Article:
Book Review: Crimson Eve

29 Dec

On a lovely evening in Kanner Lake, realtor Carla Radling shows an “English gentleman” a lakeside estate—and finds herself facing a gun. Somebody wants her dead! On the run, Carla uncovers secrets from her past that could destroy some very powerful people. What can stop the assassins from trying again?

Brandilyn Collins is a best-selling novelist known for her trademark Seatbelt Suspense®. These harrowing crime thrillers have earned her the tagline “Don’t forget to b r e a t h e . . .“®  Brandilyn’s first book, A Question of Innocence, was a true crime published by Avon in 1995. Its promotion landed her on local and national TV and radio, including the Phil Donahue and Leeza talk shows. Brandilyn’s awards for her novels include the ACFW Carol Award (three times), Inspirational Readers’ Choice, and Romantic Times Reviewers’ Choice.

Brandilyn is also known for her distinctive book on fiction-writing techniques, Getting Into Character: Seven Secrets a Novelist Can Learn From Actors (John Wiley & Sons). The Writer magazine named Getting into Character one of the best books on writing published in 2002.

When she’s not writing, Brandilyn can be found teaching the craft of fiction at writers’ conferences. She and her family divide their time between homes in the California Bay Area and northern Idaho.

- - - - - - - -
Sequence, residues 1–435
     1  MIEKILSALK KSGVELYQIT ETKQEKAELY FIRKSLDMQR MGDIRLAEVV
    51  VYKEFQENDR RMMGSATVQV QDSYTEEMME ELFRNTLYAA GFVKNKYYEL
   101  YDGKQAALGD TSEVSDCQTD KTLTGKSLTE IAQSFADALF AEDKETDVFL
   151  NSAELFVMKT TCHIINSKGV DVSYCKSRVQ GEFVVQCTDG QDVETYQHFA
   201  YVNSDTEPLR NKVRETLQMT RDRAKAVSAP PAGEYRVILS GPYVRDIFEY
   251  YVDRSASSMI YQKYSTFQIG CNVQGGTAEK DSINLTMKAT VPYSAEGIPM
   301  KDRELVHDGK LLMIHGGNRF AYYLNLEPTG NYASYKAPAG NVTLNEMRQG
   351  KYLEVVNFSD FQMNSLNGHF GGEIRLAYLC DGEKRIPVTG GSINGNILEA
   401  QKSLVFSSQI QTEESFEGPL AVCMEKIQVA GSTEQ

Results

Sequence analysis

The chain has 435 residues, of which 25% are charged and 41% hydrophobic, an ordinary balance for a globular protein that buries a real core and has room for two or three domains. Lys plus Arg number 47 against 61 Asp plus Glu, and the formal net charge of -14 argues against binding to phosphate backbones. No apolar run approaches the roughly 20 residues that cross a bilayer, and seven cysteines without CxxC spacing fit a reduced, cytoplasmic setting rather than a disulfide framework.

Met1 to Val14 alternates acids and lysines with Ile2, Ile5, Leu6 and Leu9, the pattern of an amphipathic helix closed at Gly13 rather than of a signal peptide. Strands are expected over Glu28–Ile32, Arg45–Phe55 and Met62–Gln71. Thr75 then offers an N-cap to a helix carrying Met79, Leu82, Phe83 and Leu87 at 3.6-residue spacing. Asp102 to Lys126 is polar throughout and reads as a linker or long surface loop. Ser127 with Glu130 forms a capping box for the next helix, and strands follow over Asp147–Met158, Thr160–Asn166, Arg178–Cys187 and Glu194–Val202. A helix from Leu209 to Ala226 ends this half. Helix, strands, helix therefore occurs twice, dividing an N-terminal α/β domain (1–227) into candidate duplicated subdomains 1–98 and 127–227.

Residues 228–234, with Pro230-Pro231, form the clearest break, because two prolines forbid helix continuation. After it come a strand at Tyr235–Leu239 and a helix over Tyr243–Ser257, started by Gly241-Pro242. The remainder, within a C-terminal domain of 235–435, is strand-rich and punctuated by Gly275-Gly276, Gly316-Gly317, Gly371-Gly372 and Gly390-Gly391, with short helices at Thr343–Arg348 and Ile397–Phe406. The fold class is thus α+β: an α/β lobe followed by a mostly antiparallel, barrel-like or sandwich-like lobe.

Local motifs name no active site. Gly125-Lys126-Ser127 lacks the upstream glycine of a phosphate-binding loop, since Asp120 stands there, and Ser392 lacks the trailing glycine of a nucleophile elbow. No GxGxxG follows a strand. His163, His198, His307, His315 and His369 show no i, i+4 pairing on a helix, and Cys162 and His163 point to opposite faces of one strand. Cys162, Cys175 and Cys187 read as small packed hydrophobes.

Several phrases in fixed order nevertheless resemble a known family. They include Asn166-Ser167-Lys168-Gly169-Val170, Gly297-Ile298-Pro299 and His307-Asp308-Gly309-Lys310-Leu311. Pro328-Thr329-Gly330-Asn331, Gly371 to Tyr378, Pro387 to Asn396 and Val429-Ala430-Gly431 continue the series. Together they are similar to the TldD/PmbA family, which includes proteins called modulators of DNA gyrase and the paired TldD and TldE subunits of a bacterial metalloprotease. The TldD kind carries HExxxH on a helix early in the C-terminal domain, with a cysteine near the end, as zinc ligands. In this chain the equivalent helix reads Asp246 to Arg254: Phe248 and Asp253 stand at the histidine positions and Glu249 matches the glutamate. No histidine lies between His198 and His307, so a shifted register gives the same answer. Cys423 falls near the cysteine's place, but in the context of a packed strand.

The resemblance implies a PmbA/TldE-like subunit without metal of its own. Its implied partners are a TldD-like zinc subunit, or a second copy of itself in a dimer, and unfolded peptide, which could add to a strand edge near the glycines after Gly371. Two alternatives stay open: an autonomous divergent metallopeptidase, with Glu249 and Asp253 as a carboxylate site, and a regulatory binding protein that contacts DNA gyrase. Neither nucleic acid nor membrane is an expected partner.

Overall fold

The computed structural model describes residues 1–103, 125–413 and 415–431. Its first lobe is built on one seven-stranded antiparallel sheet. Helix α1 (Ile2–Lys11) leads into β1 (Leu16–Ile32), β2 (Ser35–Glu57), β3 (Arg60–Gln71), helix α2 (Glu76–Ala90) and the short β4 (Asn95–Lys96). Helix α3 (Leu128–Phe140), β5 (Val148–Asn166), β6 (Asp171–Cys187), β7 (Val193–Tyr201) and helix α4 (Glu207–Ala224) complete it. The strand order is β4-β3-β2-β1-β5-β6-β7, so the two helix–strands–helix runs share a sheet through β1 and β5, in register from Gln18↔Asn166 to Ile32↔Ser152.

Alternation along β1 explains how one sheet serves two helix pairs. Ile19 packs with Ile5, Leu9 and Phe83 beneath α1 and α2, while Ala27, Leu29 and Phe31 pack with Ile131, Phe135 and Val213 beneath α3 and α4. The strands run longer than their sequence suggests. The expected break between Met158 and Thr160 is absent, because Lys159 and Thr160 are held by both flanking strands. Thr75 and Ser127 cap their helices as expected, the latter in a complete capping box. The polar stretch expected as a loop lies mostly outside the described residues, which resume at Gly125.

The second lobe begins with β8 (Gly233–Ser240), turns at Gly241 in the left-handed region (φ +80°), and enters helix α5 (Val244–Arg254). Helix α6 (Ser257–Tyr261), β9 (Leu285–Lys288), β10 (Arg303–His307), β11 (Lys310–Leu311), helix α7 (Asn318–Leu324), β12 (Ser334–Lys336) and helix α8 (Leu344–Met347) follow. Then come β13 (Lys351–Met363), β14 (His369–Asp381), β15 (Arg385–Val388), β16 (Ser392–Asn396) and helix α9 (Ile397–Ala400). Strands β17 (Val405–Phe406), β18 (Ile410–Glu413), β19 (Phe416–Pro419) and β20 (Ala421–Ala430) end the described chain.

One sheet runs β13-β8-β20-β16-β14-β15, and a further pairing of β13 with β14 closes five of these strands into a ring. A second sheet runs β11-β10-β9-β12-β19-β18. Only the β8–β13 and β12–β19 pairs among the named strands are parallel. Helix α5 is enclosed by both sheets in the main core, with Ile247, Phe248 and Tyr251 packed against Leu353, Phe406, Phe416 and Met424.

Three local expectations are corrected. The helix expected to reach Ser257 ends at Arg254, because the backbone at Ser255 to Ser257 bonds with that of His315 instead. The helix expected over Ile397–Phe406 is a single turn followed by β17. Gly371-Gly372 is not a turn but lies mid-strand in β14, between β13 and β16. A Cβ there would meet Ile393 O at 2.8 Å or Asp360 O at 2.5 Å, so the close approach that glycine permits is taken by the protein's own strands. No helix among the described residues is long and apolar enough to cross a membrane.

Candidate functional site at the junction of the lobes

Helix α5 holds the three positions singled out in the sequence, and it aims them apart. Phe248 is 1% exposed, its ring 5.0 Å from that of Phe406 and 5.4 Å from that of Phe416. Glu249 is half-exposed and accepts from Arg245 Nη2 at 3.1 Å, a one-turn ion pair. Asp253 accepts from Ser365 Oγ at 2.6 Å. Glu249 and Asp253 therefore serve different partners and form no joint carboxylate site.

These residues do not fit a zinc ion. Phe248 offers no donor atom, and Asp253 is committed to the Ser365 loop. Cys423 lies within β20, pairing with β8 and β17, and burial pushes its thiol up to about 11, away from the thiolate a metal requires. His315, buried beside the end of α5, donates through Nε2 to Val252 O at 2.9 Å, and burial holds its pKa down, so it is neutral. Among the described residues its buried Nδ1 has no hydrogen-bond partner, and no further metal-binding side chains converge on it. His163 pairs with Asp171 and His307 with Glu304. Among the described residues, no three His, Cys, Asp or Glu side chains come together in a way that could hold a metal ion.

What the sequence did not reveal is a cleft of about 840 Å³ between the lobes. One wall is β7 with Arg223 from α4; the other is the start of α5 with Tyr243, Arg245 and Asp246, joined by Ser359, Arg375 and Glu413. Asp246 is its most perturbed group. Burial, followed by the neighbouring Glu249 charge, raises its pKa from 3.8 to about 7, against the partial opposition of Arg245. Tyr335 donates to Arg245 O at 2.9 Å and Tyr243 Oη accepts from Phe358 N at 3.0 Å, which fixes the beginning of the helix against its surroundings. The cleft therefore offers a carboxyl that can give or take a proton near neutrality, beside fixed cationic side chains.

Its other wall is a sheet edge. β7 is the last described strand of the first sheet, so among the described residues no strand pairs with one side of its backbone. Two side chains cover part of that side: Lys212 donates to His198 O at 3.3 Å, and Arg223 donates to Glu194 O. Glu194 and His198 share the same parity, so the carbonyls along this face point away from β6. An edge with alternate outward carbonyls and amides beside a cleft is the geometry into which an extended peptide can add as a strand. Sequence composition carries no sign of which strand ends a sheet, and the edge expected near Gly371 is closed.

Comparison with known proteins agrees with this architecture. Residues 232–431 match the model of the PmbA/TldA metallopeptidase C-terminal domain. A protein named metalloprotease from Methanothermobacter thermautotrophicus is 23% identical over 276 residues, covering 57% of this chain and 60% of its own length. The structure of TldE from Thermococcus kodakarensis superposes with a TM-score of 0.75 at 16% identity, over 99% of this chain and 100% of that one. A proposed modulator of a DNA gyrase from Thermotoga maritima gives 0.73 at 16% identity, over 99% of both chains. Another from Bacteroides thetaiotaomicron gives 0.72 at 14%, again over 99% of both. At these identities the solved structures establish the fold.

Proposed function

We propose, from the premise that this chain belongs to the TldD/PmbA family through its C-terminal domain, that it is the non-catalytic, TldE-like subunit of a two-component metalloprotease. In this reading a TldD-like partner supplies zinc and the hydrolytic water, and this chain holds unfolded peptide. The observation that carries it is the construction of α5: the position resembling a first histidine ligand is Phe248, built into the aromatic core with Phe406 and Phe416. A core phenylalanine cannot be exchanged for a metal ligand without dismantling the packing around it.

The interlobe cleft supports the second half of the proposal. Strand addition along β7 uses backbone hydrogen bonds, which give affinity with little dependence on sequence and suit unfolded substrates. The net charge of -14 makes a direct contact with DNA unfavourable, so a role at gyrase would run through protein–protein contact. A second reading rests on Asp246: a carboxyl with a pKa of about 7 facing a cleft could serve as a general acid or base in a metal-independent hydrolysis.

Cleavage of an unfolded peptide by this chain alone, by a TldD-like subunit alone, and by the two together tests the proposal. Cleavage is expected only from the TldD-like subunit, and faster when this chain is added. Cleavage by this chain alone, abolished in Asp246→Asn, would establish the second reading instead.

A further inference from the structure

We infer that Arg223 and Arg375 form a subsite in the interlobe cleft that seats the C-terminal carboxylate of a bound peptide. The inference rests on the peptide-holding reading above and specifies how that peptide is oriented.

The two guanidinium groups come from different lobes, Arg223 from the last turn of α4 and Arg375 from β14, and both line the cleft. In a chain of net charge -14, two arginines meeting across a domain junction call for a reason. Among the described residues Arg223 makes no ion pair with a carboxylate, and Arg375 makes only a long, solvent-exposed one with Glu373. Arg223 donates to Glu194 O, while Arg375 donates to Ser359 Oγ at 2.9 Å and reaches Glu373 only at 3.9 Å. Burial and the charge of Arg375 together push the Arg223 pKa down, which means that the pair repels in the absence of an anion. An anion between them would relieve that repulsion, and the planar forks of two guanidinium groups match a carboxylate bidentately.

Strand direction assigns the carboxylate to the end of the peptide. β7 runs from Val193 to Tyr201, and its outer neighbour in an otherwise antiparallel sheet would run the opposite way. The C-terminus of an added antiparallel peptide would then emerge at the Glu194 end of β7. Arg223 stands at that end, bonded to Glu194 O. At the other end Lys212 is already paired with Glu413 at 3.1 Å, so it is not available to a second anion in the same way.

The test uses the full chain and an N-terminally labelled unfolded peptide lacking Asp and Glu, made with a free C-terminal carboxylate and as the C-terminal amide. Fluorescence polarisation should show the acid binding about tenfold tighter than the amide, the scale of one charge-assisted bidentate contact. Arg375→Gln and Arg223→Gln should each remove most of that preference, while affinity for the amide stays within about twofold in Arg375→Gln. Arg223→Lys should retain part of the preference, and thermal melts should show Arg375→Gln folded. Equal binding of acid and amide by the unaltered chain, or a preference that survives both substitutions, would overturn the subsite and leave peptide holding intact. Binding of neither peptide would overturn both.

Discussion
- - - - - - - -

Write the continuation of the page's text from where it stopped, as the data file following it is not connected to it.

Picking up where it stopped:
My Impressions:

Crimson Eve, the 3rd book in Brandilyn Collins’ Kanner Lake series, has been in my TBR stack for quite some time.  I read Violet Dawn (nicknamed Violent Dawn by my book club) and Amber Morn quite a while ago, but was not lost when I started this novel.  Really, they could probably be read as stand-alones, but I like to begin at the beginning.  The novel starts out running and really never quits.  Carla Radling is targeted by a hit man and is unsure just why someone wants her dead.  She literally stumbles into safety, but on the run, she can never be sure who to trust.  The story unfolds through present day action and the diary entries from Carla’s 16 year old diary.  The switch between the two really works and the reader is not confused thanks to date entries at the top of chapters and a different font for the diary.  Crimson Eve is a good, quick read if you are looking for page turning suspense.


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